The Texas Chainsaw Scene That Changed Elsie Fisher Forever

It's all too clear we're in the grip of a reboot/sequel ("requel," if you will) craze, with the latest edition to the canon being "Texas Chainsaw Massacre," the Netflix release directed by David Blue Garcia. Though the 2022 foray into the notorious killer Leatherface's bloodlust is far from the first installment in an arguably already bloated franchise, it is certainly not without appeal. In eschewing the convoluted storylines of previous installments and getting back to basics by being in direct conversation with the 1974 original from the late, great Tobe Hooper, "Texas Chainsaw Massacre" focuses on incorporating contemporary struggles of gentrification and towns all but abandoned by broader governmental infrastructure. While the film isn't without its (extremely pronounced) shortcomings, the marker of any horror film worth its salt is its ability to scare even the actors who are well-aware of the guise they are operating within. 

For actor Elsie Fisher, the discordant buzz of a whirring chainsaw never felt entirely safe — a scarring facet of production she shared in a recent interview.

A little bit of Texas Chainsaw background

The ghost town of Harlow, Texas seems to be the perfect place for young entrepreneurs to set up shop. The deserted storefronts and abandoned abodes beg to be transformed into trendy hot spots, such as swanky farm-to-table restaurants and white-walled art galleries. Spearheading this project are Melody (Sarah Yarkin) and Dante (Jacob Latimore), hailing from San Francisco and dragging along their respective younger sister (Elsie Fisher) and girlfriend (Nell Hudson). Unbeknownst to the group, Harlow has a pretty infamous ghoul among its ranks: Leatherface, the chainsaw-wielding product of murderous inbreeding, silently resides in this dusty old town. Clearly, Leatherface is both appalled and excited by the prospect of millennial newcomers moving onto his turf — more bodies mean more bloodshed.

However, the film's insistence on incorporating real-world issues — ranging from gentrification to gun control — is hardly given any sort of honest platform, instead serving as shoddy framework for propping up the horror against any semblance of social critique (writer BJ Colangelo really digs into this messiness). Luckily, "Texas Chainsaw Massacre" somewhat delivers in the time-honored tradition of slathering a horror film in guts and gore, and as such it also produced some pretty gnarly chase and kill sequences. In one such scene, Lila (Fisher) becomes Leatherface's target — and the actual shooting of this pursuit engaged the actor's real-life fight-or-flight response.

Just imagine being chased by Leatherface

In a recent interview with Looper, Fisher stated that her character's fateful encounter with Leatherface was particularly spine-chilling for her to film, with much of her terror having to do with the nature of the chainsaw props on set:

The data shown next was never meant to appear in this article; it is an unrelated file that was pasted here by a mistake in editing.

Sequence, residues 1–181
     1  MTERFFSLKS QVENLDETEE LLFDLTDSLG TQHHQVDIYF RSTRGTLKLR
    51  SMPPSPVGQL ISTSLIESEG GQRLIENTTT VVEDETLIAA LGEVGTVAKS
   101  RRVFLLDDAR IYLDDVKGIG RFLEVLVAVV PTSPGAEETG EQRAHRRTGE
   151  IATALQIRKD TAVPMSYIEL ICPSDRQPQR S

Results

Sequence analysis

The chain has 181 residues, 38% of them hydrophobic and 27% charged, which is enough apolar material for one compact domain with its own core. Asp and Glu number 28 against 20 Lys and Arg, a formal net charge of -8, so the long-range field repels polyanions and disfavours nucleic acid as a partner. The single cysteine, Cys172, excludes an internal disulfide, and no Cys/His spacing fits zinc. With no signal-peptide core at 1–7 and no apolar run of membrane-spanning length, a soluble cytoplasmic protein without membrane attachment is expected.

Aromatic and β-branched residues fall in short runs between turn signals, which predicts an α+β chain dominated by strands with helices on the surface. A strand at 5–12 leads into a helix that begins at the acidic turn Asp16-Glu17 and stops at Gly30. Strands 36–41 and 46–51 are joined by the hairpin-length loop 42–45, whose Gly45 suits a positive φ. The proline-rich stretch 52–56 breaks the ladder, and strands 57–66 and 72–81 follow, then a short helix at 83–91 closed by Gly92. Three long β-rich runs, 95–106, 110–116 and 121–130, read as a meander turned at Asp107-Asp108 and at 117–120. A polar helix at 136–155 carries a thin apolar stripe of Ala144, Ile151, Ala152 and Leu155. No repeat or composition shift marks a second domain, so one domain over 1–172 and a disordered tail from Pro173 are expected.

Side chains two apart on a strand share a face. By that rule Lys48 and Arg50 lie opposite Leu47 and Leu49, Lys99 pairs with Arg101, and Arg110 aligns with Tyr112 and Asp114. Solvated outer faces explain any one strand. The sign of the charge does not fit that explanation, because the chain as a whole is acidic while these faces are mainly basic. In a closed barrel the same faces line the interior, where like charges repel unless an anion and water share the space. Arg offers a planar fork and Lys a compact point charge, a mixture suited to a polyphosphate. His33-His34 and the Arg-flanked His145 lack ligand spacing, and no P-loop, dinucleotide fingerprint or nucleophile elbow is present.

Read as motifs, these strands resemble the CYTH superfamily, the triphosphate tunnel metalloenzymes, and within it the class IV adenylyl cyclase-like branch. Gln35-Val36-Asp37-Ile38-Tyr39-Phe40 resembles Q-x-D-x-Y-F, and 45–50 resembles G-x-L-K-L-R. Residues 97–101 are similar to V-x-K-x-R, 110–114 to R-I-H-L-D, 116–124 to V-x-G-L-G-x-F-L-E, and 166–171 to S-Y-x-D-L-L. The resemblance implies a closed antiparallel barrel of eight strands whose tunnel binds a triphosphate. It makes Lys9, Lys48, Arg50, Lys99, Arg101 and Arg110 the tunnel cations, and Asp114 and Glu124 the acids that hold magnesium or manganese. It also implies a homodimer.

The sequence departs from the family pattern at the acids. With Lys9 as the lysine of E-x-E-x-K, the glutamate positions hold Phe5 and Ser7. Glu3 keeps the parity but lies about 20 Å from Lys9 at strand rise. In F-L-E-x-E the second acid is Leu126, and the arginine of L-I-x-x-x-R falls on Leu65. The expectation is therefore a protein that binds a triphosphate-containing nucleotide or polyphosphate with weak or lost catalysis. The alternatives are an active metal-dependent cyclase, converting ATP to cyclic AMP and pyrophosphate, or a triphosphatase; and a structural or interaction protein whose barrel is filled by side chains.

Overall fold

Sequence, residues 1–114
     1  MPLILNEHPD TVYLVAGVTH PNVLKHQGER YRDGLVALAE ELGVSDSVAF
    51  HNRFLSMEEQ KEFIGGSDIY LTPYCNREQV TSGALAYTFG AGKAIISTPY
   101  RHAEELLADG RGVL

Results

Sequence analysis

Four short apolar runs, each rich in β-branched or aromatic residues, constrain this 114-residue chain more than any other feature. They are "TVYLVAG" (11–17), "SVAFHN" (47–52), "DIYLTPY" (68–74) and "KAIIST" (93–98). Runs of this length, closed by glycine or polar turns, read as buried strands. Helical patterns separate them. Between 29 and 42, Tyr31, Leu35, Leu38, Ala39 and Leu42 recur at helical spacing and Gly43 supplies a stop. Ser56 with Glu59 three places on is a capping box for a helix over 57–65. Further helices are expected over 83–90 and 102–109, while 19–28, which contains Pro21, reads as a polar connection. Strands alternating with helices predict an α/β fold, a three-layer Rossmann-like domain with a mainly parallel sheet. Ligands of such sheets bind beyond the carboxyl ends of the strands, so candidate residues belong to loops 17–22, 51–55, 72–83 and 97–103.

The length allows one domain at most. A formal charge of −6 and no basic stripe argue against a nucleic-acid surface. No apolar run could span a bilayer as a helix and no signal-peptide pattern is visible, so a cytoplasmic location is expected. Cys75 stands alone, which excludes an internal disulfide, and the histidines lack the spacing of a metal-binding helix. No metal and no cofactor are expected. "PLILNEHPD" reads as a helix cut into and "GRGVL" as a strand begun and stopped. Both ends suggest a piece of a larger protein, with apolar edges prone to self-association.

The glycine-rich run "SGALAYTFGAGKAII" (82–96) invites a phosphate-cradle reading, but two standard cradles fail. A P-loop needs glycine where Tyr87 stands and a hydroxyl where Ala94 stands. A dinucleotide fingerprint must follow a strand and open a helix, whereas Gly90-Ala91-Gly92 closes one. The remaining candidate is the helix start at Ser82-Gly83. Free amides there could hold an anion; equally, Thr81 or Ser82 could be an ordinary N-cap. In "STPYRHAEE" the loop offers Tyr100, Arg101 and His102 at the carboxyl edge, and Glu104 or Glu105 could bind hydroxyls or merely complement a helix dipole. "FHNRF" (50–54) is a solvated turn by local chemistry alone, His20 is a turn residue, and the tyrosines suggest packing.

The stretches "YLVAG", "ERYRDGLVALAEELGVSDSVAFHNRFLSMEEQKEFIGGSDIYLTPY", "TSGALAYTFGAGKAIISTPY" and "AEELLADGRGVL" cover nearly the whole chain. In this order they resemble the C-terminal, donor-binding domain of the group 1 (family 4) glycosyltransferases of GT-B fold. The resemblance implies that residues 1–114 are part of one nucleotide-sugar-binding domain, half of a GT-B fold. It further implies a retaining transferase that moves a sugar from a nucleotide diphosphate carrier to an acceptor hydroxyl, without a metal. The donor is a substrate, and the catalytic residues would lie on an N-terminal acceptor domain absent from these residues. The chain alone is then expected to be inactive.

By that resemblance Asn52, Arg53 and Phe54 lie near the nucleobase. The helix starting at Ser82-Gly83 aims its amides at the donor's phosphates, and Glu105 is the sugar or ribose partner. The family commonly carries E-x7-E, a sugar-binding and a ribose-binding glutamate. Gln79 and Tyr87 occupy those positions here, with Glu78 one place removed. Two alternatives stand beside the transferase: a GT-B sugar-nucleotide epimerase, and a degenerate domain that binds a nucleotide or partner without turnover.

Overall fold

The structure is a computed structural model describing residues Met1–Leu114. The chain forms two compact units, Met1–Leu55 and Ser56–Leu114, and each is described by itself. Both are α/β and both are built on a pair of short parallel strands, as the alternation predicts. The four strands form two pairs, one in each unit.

"When I'm running away from [Leatherface], the chainsaw that they had on set [may have been] a real chainsaw, or at least had very realistic sounding noises. We had four different chainsaws, I think. There was a plastic one, one with just chains, one with just sounds, and then a real one. That was pretty terrifying."

The terrifying game of musical chainsaws notwithstanding, it's also worth noting that the actor who plays Leatherface, Mark Burnham, was specifically cast due to his large stature and build. In comparison, the five-foot-two, 18-year-old actress would have a lot to be intimidated by, even if the scenario is completely contrived and on-set safety coordinators are abound. This was perfectly clear to Fisher, who never felt unsafe during production, but this didn't mean that the very real call of the chainsaw didn't raise the hairs on the back of her neck.

"Everyone knew exactly what they were doing, thankfully. No one got hurt, and I never felt like I was going to get hurt, but that's instincts kick in. You're like, 'Oh crap. That's a chainsaw.' It was a lot fun."

Personally, any man chasing me with a chainsaw — real or not — is going to take over for my regularly scheduled sleep paralysis demon for the foreseeable future. Particularly with a film that up-stages the original in terms of violent bleakness during its final moments — though let's face it, no one will ever top OG final girl Sally's (Marilyn Burns) manic laughing-sob as Leatherface performs interpretive dance to the sound of his chainsaw — it's no wonder Fisher felt very real fear while filming. Unfortunately, it appears that the film's scariest moments may have happened behind the scenes as opposed to being fully realized on the screen. But hey, "Texas Chainsaw Massacre" is fully worth it, if only for the murky subplot involving Lila's brush with school shooting gunfire and a subsequent fascination with guns. If this country's abhorrent approach to culling gun violence won't lead to your premature death, it turns out that a now-geriatric serial killer just might do the trick!